Weather resources

  • Gulf Harbour Radio. Who we are and what we do.
  • The following are some ideas for Chameleon to consider when planning our passage. These are based on averages only - plus experience. Reality may be vastly different because the speeds and shapes of travelling surface features change and can defeat the following concepts of averages.
  • Leave Tonga as a High Center is at longitude of NZ. If averages prevail the next Low should arrive in NZ when we arrive at about 28S. Arriving at about 28S as a Low crosses Northland we may have 4 days before the next one. Leaving Tonga as a cold front crosses Northland may look good for winds at the start but may also allow us to unforgettably greet the next front as we’re closing with NZ.
  • A one page summary of the various radio and fax frequencies and timetables for weather information. Actually there is a second page for those closing on NZ. You will not hear Gulf Harbour Radio below about 30S due to the skip on the MHz frequency so tune into the Maritime Radio broadcasts. Brett for Opua. Colville for Whangarei and Auckland. Plenty for Tauranga
  • 1. Customary departure from NZ is after a cold front clearance. 2. Consider waiting day or two for sea/swell to subside. Examine sea state models. 3. Be wary of secondary Low development on tail of departing front. 4. Carefully examine 500 hPa progs for shortwave development....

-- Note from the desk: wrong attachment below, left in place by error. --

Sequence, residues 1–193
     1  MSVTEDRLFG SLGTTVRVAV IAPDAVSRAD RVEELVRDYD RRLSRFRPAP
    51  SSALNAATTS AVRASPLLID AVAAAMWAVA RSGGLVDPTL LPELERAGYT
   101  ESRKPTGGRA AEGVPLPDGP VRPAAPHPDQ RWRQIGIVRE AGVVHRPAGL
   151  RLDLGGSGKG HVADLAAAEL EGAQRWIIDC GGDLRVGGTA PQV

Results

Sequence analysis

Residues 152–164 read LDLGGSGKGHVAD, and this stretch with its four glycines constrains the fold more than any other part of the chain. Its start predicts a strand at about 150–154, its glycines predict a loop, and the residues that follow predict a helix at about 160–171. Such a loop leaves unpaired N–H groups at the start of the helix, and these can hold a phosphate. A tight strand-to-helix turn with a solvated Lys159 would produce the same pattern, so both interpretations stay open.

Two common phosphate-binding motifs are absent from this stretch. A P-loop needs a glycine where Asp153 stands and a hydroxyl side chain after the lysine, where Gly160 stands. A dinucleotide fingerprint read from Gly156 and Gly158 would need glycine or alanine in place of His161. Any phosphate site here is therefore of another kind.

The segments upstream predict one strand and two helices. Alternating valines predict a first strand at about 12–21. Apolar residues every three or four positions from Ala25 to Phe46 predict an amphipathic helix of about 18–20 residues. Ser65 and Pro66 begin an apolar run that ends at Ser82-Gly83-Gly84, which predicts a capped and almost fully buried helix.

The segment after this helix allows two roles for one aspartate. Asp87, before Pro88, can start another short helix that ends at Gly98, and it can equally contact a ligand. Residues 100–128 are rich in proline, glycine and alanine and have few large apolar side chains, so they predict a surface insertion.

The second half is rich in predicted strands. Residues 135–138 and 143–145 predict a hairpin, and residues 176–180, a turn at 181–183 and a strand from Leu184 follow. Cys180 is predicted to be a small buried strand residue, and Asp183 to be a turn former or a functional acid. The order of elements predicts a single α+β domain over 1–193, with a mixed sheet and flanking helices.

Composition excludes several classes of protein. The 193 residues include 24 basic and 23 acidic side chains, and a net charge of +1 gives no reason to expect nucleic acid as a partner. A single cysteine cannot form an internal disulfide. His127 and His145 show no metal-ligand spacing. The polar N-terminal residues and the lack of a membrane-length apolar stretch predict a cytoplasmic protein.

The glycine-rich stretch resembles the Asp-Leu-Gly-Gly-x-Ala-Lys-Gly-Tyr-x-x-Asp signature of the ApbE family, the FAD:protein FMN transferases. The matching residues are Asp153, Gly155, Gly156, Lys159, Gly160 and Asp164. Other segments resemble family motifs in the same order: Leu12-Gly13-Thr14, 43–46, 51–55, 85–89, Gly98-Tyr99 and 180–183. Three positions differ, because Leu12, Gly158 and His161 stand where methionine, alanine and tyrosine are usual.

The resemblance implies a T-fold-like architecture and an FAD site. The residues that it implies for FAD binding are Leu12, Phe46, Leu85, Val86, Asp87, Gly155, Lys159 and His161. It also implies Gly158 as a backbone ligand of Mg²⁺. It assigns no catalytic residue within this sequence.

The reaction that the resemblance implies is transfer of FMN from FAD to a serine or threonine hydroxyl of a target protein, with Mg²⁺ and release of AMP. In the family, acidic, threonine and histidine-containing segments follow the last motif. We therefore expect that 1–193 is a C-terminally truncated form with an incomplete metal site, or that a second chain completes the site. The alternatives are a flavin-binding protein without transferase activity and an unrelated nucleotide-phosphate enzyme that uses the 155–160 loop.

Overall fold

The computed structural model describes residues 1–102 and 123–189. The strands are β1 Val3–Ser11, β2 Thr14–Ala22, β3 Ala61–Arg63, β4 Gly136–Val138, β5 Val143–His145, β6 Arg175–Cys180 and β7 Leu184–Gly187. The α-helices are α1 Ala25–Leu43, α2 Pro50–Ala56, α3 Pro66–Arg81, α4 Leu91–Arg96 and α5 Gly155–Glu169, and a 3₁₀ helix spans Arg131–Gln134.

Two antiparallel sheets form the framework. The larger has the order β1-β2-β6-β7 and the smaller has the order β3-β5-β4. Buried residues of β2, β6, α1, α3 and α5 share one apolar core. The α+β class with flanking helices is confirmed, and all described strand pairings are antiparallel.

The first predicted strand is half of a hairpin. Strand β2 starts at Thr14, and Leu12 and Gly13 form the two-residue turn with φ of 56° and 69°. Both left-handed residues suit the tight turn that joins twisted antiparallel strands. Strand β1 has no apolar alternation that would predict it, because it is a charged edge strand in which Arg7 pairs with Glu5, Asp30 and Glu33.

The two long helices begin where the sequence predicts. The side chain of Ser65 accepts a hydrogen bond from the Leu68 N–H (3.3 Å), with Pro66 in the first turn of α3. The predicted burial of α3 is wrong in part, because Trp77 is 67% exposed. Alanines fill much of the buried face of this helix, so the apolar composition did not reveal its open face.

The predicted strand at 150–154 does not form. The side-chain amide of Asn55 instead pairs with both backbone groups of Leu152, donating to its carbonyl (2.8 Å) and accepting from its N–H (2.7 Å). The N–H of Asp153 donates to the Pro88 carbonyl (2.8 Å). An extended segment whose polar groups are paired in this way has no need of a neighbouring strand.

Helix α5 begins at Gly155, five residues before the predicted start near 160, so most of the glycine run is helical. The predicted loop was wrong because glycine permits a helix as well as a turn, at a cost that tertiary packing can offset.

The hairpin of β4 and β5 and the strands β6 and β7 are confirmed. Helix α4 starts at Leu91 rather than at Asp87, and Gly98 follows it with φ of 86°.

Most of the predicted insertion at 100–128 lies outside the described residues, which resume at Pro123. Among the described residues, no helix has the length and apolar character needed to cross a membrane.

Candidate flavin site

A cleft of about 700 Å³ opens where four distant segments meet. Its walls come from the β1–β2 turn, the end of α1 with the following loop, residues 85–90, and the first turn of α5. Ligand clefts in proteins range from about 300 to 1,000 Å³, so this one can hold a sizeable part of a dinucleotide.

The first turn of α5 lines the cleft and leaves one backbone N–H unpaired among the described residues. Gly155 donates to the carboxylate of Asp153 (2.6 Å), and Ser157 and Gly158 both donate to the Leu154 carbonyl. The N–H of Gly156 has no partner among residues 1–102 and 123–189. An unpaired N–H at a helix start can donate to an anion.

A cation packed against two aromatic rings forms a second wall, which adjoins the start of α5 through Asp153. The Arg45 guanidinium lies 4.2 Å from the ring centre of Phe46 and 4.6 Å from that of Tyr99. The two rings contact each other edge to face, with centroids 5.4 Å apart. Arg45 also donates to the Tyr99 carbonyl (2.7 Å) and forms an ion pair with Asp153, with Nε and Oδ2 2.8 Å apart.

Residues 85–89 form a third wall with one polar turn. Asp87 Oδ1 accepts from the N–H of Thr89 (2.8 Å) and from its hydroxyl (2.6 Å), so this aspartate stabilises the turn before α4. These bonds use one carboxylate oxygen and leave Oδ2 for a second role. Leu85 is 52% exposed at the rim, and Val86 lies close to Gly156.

• Leaving the Islands on a strong stationary High means there might be a squash on one of its flanks depending on the High’s location. Leaving the Islands just as a front passes means that she may not make it to New Zealand before the next sequence takes place; thus she may encounter the next Low just as she’s near New Zealand unless she goes like blazes.
  • The MJO or Madden- Julien Oscillation is a wave oscillation travelling eastward around the globe on an average of 40 days. When the wave is over the western tropical Pacific heavy convective activity is initiated.
  • When a strong high pressure cell forms to your south it produces very strong winds called a trade wind surge.This paper describes why.
  • The following is a summary of some significant tropical synoptics and events which can influence the weather encountered by yachts in the South Pacific. An overriding influence in the tropics and subtropics is the Subtropical Jet (SJT). It’s a semi-permanent feature near the poleward margin of the tropics and its strong baroclinic field, especially in winter, can and does supply energy for weather disturbances in low latitudes.
  • A Tropical Cyclone in the SW Pacific is a cyclonic warm core system with winds of 34 knots or greater, whereas a Hurricane or Typhoon has winds of 64 knots or greater. BoM rates tropical cyclones (TC) by a scale of 1 to 5. This scale was established for local conditions and is similar to the Saffir Simpson Scale used in much of the world.
  • The following is a series of lectures I have given to yachties with the aim to provide a bit of information on weather terminology, definitions, rules of thumb and the use of Grib files for forecasting. These papers are not technical and are designed to help the user wade through the sometimes confusing terminology from various forecasting sources and also to provide some hints as to how to best use data obtained from the Gribs.
  • This is the list of wx fax products that SV Chameleon used when on passage and in the Islands. It includes NZ, Australia and Hawaii products.